Chennai gets monsoon showers, but its too little to solve the water crisis

College students cross a road amid rains, in Chennai.Photo) (
  • The monsoon rains have finally arrived in Chennai but they aren’t enough to solve the water problem.
  • However, the rainfall deficit has started shrinking over the past two days because of light showers.
  • For the last six months, the 5 million city residents have been facing drought as monsoons played truant
The monsoons have finally arrived to the parched city of Chennai, and its residents are enjoying the light showers. While it is a huge relief, it is nowhere close to solving the water crisis that the city is facing.

Over the next two days, these rains will remain light, according to the India Meteorological Department. This year, Chennai’s rainfall deficit was around 45%, which has started shrinking.

For the last six months, the 5 million city residents have been facing drought as monsoons played truant. Normally, Chennai would receive 140 mm of annual rainfall but this year the whole state recorded a deficit of 28% since June 1. The monsoon, that is supposed to begin from June 1, and was later like it was across the country.

Four years back, the city was flooded due to cyclones in the Bay of Bengal. As many as 500 died and 1.8 million people had to move. In 2019, however the city had the problem which is just the opposite. The city went without rain for 200 days this year.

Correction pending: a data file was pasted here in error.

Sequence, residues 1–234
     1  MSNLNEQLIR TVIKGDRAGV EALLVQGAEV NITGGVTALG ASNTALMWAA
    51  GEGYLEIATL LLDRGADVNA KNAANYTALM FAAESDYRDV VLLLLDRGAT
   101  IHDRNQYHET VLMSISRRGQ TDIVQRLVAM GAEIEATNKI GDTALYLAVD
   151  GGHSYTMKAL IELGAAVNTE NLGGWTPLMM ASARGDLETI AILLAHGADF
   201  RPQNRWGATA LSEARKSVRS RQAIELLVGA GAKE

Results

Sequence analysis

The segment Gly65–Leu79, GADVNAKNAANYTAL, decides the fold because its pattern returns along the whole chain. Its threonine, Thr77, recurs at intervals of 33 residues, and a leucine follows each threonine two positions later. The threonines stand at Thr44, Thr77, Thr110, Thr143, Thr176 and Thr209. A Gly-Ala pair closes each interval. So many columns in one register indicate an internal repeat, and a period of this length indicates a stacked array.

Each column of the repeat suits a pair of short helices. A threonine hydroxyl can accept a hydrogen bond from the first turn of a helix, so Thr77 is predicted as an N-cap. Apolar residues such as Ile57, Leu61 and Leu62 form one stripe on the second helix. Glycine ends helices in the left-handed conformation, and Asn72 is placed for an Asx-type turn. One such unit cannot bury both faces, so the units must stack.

The Price of Water


As the city’s reservoirs dried up, water became an expensive commodity. So much so, that its more expensive than petrol. Residents are reportedly paying ₹80-100 for a 20 litre drinking water can, nearly ₹4 more than the price of petrol.

Those few who could afford, even paid ₹75,000 for a month, to get a water tanker right to their homes.

The local authorities are bringing water into the city via a special train, and distributing it.

Chennai Metro Water also started providing water at ₹700 for every 9000 litres. However, to avail of this, many of them wait for as long as three to four weeks to receive the supply. Ultimately, they would have no choice but to pay up or remain thirsty.